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post #1 of 42 Old 02-19-2008 Thread Starter
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Mainsheet Cleats

My current mainsheet set-up uses a combination 2 x pulleys + cleat unit shackled to the top of the traveller car (can just be seen in the photo below):

Mainsheet Cleats-dsc00059a.jpg

In the John Brown Trophy race a couple of weekends ago, we got knocked down on the finish line 'cause the main was cleated off. I dumped the traveller but that wasn't enough and memories of my old teacher came flooding back: "A Mainsheet Cleat Will Put You In The Drink!" - how true that is...

I'd love to fit a ratchet block, but can't think of any good ways to set it up. Any ideas??

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"Honestly, I don't know why seamen persist in getting wrecked in some of the outlandish places they do, when they can do it in a nice place like Fiji." -- John Caldwell, "Desperate Voyage"
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post #2 of 42 Old 02-19-2008
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A mainsheet cleat won't put you in the drink unless you use it improperly. In heavy winds, gusty conditions, or with the wind changing direction quickly, you're really better off keeping the mainsheet in hand, and not cleated off. The cleat should only be used in light air or settled conditions.

I don't know of anyone that makes a fiddle block or multiple block setup that has a ratchet block incorporated into it off hand.

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post #3 of 42 Old 02-19-2008
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One would get pretty tired holding a mainsheet on a keelboat for any length of time. I suggest the "don't cleat the mainsheet" came from dinghy sailing.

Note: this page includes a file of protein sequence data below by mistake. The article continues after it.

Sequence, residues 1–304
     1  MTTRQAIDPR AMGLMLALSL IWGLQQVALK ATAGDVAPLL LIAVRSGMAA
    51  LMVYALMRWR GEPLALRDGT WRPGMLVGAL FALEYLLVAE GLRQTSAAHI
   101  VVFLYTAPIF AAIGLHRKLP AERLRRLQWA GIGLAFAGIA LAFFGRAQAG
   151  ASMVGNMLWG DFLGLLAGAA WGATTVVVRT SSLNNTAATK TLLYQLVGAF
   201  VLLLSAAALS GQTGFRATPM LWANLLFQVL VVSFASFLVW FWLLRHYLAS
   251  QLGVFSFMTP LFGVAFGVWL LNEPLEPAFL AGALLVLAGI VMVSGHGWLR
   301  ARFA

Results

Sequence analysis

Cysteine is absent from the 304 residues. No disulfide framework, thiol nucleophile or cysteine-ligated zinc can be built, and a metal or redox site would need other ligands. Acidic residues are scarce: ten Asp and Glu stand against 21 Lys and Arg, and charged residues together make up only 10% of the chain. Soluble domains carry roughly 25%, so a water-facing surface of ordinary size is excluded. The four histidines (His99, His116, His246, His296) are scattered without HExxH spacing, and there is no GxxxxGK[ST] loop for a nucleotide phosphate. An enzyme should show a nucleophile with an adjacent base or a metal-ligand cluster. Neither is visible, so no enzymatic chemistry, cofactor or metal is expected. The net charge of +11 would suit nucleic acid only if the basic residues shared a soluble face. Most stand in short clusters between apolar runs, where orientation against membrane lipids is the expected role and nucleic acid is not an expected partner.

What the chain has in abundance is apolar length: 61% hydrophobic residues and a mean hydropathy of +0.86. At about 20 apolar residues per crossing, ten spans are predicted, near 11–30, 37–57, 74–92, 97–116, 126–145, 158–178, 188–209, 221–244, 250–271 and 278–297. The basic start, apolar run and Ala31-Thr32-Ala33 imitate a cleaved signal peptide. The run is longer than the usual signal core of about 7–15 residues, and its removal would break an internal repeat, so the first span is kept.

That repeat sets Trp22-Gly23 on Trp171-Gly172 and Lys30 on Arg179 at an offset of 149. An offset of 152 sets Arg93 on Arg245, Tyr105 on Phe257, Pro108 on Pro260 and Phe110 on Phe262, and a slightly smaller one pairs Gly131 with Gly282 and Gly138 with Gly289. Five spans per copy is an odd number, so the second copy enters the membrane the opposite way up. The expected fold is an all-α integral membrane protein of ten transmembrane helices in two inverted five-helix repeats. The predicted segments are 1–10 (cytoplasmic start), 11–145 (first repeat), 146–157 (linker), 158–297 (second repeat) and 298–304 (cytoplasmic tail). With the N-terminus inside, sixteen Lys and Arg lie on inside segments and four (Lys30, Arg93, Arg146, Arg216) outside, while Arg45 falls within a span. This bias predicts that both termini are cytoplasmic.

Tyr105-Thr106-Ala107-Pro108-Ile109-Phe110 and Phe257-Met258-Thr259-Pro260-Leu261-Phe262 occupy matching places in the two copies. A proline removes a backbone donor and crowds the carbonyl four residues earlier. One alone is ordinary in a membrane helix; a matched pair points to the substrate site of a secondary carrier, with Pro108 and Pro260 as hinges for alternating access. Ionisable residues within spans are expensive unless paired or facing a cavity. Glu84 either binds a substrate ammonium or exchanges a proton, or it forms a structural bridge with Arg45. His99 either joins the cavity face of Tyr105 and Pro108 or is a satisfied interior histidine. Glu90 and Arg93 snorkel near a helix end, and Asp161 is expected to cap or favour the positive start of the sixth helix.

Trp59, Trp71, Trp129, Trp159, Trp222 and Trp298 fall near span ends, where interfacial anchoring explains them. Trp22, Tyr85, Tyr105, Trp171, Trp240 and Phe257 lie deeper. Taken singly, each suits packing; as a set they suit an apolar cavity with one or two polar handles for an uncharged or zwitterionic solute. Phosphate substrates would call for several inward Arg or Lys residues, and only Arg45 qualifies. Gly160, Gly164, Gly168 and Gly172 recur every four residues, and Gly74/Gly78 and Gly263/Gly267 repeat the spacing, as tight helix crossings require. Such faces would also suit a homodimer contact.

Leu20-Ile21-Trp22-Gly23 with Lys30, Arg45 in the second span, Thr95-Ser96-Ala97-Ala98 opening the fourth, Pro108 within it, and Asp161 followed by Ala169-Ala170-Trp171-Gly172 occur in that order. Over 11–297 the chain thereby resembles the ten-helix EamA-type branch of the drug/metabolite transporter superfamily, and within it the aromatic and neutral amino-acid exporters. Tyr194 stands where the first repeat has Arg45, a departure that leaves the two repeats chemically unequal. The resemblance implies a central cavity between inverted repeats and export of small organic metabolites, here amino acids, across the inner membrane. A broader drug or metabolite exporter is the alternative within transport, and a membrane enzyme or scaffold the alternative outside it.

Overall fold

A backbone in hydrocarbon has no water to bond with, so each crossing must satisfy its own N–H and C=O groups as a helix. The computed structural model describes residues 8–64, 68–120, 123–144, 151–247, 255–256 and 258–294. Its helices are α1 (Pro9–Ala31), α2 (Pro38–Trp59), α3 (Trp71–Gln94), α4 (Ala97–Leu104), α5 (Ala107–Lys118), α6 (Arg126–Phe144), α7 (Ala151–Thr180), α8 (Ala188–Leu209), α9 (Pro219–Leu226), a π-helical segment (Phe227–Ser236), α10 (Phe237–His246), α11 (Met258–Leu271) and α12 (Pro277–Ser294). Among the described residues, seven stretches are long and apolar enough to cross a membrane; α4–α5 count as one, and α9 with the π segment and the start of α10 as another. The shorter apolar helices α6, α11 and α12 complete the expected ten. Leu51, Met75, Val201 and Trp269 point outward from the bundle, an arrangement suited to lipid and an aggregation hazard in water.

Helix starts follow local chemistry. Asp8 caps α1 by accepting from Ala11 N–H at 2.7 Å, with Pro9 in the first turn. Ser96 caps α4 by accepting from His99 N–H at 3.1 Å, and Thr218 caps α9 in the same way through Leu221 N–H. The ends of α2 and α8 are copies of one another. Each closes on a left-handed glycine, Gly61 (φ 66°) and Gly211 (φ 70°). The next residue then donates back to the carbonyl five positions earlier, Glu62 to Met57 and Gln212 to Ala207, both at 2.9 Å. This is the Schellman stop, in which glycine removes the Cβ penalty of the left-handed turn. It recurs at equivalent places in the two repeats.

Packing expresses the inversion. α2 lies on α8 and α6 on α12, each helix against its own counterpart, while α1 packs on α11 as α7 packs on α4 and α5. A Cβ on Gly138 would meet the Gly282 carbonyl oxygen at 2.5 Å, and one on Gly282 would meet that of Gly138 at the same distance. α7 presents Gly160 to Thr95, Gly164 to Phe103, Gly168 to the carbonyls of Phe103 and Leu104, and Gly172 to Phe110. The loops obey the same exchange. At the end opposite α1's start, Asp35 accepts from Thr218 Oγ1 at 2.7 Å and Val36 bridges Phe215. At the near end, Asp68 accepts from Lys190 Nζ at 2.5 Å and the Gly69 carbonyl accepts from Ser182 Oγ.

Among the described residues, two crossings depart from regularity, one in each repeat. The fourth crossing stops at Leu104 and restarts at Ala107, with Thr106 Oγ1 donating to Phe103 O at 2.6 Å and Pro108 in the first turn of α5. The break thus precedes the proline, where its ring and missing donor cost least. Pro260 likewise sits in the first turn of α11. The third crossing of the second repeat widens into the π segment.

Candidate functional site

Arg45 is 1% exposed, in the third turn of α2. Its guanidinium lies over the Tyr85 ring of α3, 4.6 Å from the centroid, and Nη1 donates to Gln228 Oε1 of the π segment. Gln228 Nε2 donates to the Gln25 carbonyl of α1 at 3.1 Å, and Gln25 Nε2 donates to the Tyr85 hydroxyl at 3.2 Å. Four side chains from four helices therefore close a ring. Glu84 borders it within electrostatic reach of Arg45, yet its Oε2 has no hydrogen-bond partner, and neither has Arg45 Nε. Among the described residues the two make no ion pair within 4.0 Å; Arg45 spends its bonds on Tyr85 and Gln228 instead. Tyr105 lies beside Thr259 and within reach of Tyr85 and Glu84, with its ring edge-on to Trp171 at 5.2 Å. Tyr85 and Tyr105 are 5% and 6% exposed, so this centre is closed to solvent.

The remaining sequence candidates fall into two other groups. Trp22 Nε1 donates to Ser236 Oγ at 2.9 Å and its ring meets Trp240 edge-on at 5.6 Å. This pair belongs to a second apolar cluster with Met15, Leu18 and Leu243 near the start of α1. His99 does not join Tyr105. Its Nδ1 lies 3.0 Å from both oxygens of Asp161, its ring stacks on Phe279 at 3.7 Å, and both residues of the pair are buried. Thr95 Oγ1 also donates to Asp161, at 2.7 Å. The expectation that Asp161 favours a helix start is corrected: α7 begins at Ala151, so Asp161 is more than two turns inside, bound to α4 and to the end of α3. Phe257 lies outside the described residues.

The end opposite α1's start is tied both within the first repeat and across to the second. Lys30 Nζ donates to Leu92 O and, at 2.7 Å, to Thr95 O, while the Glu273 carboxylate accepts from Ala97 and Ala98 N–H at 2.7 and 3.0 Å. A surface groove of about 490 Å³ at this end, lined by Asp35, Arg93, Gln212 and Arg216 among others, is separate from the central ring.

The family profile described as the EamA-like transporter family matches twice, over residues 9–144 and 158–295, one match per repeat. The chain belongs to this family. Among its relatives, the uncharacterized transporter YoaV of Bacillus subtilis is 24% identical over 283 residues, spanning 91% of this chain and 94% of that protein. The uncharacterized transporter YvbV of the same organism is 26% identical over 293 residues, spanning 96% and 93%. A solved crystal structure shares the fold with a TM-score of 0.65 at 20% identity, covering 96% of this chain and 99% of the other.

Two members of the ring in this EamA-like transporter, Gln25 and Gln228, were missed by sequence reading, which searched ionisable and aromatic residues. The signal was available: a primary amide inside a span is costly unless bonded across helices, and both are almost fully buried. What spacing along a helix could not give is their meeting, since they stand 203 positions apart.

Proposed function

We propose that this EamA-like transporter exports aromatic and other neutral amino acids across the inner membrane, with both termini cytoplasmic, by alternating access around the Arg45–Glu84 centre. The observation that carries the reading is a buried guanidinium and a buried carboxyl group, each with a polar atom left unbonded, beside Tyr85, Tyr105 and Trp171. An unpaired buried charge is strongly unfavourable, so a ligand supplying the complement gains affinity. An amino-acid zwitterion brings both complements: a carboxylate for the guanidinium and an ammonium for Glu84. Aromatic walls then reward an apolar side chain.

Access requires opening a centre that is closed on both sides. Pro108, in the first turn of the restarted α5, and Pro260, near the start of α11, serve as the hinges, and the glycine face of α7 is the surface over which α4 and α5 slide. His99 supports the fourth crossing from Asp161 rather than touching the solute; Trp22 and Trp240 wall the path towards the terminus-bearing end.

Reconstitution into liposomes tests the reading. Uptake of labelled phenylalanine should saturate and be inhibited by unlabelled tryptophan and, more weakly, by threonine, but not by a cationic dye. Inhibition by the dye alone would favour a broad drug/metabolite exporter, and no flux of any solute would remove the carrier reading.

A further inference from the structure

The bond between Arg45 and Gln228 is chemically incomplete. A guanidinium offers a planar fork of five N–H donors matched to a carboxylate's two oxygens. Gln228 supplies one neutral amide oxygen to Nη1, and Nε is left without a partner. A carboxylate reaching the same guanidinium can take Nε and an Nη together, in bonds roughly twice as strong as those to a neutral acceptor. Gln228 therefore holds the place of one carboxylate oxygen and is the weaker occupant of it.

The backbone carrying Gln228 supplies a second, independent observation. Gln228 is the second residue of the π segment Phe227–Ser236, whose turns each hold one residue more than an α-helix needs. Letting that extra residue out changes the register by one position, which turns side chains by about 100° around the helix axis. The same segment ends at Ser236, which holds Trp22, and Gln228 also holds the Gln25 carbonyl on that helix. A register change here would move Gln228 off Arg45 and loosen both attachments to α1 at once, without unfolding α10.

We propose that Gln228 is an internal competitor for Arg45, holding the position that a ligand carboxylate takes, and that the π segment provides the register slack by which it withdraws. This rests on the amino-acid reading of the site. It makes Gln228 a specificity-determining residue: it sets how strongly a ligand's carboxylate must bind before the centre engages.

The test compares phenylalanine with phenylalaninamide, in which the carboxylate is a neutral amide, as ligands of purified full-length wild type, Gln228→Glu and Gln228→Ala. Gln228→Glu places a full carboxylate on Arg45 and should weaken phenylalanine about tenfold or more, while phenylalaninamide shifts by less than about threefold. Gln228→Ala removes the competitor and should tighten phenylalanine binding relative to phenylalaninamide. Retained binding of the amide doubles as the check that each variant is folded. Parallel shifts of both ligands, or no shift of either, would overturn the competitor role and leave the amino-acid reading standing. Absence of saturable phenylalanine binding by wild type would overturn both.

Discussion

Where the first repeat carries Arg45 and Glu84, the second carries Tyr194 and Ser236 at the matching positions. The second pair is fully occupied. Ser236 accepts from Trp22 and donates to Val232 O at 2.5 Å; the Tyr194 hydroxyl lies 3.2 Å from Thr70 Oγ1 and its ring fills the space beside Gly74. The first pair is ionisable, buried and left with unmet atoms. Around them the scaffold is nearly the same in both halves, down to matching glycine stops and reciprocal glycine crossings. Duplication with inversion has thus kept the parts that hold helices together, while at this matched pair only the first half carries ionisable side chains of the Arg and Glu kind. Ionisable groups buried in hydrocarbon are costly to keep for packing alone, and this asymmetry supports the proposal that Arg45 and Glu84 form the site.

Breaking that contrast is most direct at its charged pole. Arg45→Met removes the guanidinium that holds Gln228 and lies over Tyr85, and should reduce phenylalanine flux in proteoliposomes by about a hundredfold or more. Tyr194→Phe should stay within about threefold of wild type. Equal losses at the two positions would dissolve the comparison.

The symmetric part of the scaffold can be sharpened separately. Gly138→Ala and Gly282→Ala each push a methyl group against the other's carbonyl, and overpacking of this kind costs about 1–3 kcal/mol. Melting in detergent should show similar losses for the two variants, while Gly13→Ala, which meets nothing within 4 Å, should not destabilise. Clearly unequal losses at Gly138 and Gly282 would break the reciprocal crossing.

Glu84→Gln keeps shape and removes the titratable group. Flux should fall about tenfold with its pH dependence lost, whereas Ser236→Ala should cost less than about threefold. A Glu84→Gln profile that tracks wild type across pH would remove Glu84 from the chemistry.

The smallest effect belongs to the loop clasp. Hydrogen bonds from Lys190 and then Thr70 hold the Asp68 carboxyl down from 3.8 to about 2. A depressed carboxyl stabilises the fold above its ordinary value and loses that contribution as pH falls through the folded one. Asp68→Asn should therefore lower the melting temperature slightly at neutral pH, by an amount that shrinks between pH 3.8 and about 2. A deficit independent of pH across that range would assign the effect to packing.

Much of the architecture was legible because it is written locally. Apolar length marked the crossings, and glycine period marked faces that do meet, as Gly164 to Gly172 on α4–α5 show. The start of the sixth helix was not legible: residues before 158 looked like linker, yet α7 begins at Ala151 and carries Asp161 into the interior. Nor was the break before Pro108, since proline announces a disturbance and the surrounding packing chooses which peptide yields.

When racing adjust your sail area for the average winds.
When cruising adjust your sail area for the gusts.

A knockdown while racing is part of the sport.

There is a tide in the affairs of men,
Which, taken at the flood, leads on to fortune;
Omitted, all the voyage of their life
Is bound in shallows and in miseries.
Shakespeare, Julius Caesar IV, iii, 217
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post #4 of 42 Old 02-19-2008
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Cam

Harken's 060 hexaratchet fiddle block (bottom right in the pic below) should fit the bill....

Edit: sorry to cut off the prices.. it's listed at $133 in the West Marine catalogue.


Ron

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".. there is much you could do at sea with common sense.. and very little you could do without it.."
Capt G E Ericson (from "The Cruel Sea" by Nicholas Monsarrat)

Last edited by Faster; 02-19-2008 at 11:50 PM.
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post #5 of 42 Old 02-20-2008 Thread Starter
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Cam

Harken's 060 hexaratchet fiddle block (bottom right in the pic below) should fit the bill....

Edit: sorry to cut off the prices.. it's listed at $133 in the West Marine catalogue.

Thanks, Ron - that looks like the gadget I'm after. It's listed at $149 on the Harken site - West Marine must have it discounted.

I know I can get a 2nd-hand Ronstan ratchet for a slab of beer from one of the guys in the club and that would leave me with at least 100 bucks in my pocket... but:

1. Is there any easy way to mount a ratchet block in/near the center of the traveller? The answer may be that it's not worth the extra shin-scraping..

2. It there any advantage/disadvantage in the final fall from the boom block going to a fixed point in the center of the cockpit rather than back to the traveller?